This week, after tweeting a link to ALA’s President Molly Raphael’s statement regarding the destruction of the Occupy Wall Street Library in New York City, I became engaged in a conversation on Twitter about what constitutes a library. To me this seems obvious, but I had a hard time coming up with a hard, fast definition. I discovered that, like Justice Stewart, I’m of the know-it-when-I-see-it mindset when it comes to identifying it – a library that is. I am not sure I can define it in terms that reconcile with the statement from ALA. If I say the dissolution or destruction of any library is wrong I need a concrete definition for library, because while it may be uncool (and probably illegal) for someone to come into my home and destroy my personal library, I’m not sure that warrants a statement from the ALA President. Let me be clear, I am in complete and total agreement with the statement from ALA. I will happily defend that statement and ALA’s choice to make it. The problem I ran into was defining a library in terms that fit with it. Not just the OWS library but any library of this type. Even after doing some digging (see below) I still didn’t feel like I could offer a succinct definition, not the 140 character kind Twitter requires and probably not even a 140 word one.
For example, the Merriam Webster definition could apply to my private library, well not the morgue part but the rest of it, so that doesn’t work. Ditto for Oxford. The Whole Library Handbook requires that it be ” organized by information professionals or other experts”. So again that would apply to my private library. But this definition also leads us into that whole merry circle of a conversation (or shouting match and sniping remarks) about what constitutes an information professional. I don’t think a collection needs to be organized by an MLS holding person to qualify as a library. You could throw publicly accessible into the definition to rule out my home library because I only begrudging lend books to friends so I’m not about to let the public en masse have access to it. But there are many great libraries not freely available to the public. I read a couple more articles, linked below, but they didn’t help either. So I give up, I’m taking it to the masses, what do you think?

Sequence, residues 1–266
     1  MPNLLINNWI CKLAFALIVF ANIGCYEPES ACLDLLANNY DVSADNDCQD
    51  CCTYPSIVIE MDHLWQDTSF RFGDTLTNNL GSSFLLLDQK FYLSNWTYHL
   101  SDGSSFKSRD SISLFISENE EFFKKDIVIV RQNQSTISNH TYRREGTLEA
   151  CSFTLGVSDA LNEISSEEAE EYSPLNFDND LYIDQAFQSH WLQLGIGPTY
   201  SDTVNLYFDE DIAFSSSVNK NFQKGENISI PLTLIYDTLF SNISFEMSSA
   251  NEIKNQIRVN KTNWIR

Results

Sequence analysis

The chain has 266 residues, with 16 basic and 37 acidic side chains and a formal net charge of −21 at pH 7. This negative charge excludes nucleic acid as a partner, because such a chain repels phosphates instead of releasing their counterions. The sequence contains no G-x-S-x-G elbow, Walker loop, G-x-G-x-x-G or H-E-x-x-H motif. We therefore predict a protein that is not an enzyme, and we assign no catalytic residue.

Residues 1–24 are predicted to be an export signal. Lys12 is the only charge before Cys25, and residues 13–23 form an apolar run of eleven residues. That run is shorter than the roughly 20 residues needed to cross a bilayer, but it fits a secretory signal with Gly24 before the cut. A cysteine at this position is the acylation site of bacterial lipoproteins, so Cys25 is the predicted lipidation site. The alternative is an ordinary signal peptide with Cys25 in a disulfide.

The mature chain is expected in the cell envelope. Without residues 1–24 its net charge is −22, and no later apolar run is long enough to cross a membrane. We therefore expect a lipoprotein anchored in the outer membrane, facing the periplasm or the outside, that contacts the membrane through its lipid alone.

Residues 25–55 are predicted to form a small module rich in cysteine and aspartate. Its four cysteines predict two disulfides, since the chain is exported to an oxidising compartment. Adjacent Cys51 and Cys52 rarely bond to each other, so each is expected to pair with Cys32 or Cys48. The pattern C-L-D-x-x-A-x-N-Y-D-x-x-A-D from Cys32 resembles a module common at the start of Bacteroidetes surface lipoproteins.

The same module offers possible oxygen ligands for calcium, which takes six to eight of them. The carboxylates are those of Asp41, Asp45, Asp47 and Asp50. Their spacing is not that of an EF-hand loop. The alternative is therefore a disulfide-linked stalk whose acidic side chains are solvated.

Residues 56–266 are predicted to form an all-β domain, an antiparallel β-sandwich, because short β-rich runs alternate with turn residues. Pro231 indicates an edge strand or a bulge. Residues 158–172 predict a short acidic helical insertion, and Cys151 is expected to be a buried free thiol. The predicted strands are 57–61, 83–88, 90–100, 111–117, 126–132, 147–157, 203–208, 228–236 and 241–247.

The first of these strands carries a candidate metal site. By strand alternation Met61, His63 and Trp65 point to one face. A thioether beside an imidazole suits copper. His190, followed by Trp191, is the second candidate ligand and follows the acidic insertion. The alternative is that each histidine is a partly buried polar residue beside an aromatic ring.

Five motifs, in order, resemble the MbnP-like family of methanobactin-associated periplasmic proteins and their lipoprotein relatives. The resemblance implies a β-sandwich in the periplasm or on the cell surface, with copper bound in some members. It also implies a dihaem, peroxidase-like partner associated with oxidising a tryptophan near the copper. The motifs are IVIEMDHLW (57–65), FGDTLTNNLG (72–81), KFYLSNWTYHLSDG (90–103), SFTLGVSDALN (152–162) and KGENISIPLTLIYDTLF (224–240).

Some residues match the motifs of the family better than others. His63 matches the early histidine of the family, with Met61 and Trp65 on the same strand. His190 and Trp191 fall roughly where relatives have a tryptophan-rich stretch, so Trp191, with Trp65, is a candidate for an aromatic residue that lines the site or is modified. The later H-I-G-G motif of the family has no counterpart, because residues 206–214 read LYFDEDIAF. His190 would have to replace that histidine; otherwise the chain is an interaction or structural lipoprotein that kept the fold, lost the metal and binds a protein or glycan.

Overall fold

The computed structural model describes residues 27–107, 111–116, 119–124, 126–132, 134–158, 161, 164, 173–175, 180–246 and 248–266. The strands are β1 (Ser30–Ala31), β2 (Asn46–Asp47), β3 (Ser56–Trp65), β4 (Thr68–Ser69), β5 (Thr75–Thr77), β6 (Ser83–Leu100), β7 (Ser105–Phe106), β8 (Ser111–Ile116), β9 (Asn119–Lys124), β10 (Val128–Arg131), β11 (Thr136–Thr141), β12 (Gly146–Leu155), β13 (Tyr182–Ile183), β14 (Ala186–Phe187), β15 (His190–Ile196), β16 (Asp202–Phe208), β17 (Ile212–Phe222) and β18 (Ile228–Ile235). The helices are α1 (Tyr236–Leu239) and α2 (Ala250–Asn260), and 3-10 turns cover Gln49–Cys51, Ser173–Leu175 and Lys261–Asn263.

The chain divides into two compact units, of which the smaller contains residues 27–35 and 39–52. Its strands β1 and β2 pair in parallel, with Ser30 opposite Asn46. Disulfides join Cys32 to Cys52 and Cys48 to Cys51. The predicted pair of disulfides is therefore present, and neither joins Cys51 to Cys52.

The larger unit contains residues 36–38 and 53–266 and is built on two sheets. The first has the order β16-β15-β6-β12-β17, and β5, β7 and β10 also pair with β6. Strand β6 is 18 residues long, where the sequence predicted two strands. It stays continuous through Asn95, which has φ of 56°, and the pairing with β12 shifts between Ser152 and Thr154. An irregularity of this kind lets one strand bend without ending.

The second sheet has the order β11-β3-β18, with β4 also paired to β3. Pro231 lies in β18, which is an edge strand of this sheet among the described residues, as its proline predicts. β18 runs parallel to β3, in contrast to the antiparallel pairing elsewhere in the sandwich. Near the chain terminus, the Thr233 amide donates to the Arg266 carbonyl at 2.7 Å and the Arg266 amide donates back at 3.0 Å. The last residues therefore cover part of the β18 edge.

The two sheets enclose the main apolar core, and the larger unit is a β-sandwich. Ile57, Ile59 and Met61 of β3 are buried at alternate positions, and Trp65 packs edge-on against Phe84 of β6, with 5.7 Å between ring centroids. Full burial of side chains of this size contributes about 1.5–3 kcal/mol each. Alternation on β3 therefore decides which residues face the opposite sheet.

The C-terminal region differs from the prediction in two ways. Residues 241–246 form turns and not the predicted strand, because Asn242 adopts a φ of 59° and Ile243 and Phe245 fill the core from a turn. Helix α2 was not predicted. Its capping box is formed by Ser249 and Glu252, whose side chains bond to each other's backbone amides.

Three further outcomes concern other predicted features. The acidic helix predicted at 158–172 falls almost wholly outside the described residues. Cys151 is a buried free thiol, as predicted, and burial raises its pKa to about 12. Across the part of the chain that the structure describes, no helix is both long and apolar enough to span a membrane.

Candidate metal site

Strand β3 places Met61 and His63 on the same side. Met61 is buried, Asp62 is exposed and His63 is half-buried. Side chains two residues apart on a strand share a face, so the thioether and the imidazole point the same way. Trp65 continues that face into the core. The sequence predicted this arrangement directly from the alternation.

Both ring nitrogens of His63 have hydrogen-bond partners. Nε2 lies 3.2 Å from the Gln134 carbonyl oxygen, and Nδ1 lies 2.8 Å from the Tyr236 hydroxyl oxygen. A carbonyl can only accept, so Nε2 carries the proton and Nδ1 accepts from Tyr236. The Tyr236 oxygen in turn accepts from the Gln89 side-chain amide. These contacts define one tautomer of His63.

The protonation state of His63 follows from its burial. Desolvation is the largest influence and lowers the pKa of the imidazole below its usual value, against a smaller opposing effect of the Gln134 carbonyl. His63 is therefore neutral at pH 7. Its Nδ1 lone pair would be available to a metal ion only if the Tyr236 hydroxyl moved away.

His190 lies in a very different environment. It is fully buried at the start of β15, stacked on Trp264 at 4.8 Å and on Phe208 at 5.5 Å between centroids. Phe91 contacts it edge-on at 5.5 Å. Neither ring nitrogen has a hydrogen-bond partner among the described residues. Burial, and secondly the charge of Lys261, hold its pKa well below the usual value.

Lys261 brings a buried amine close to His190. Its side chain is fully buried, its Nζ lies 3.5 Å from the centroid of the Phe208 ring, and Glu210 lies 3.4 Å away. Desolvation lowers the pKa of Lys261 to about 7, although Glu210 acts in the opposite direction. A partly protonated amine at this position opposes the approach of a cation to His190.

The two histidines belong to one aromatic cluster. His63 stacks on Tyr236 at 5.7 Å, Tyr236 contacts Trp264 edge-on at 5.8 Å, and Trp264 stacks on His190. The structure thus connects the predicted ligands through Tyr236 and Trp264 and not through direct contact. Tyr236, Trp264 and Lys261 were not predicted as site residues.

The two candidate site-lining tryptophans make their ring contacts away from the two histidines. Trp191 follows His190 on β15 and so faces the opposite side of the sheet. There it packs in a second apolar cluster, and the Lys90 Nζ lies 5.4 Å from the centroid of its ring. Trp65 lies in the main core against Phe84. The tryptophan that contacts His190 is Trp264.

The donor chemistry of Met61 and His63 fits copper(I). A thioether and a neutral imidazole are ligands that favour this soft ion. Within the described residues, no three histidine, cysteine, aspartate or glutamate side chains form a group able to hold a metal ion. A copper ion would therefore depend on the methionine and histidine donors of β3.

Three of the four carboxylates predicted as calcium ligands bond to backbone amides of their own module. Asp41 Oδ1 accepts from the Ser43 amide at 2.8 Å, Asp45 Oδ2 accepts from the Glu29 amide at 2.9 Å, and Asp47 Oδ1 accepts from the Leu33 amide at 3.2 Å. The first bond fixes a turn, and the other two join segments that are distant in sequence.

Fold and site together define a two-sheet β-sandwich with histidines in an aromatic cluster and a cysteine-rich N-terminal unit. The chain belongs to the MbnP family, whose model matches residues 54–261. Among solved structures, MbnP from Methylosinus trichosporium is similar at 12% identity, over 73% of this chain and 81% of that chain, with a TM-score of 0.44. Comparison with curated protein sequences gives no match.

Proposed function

What makes a library a library?
1. a : a place in which literary, musical, artistic, or reference materials (as books, manuscripts, recordings, or films) are kept for use but not for sale
b : a collection of such materials
2 a : a collection resembling or suggesting a library
b : morgue 2
3 a : a series of related books issued by a publisher
b : a collection of publications on the same subject
From the Oxford Dictionaries
a building or room containing collections of books, periodicals, and sometimes films and recorded music for people to read , borrow, or refer to
From American Libraries
The Whole Library Handbook offers this definition:
“A library is a collection of resources in a variety of formats that is (1) organized by information professionals or other experts who (2) provide convenient physical, digital, bibliographic, or intellectual access and (3) offer targeted services and programs (4) with the mission of educating, informing, or entertaining a variety of audiences (5) and the goal of stimulating individual learning and advancing society as a whole.” (p.2)
- What Is a Library? An Attempt at Common Sense | Peer to Peer Review
- Council on Library and Information Resources Washington, D.C. Libraries Designed for Learning
- What is a library anymore, anyway? by Michael A. Keller, Victoria A. Reich, and Andrew C. Herkovic
- IFLA Treaty Proposal on Limitations and Exceptions for Libraries and Archives (PDF) Jump to page five for the definition of a library. [added 11.20.2011]
15 thoughts on “What IS a Library?”
Without a doubt, this is THE critical question facing our profession in the next decade, whether we admit it or not. I really appreciate your take on the question, and I certainly don’t have much of an answer, but I’m thrilled to see the questioned being raised within our own ranks.
I’d add that I feel that this critical “definition drift” is due to how, in general, information science/studies has eschewed theory. We NEED theory, we need it as much as we need controlled vocabularies, because without it this kind of question ends up being defined by the people least qualified to do so (like, politicians trying to gut library funding). 😦
Thanks KimBoo. I agree with you, I see this definition as growing in importance, as we advocate for patron rights, from ebooks to internet access to digital literacy to good old fashioned literacy and book censorship, the definition of exactly what is a library and what does it stand for is increasingly important. I haven’t given it a lot of thought before because as I said, I know it when I see it, but as I start talking to more and more people outside of libraries I’ve noticed how important it truly is.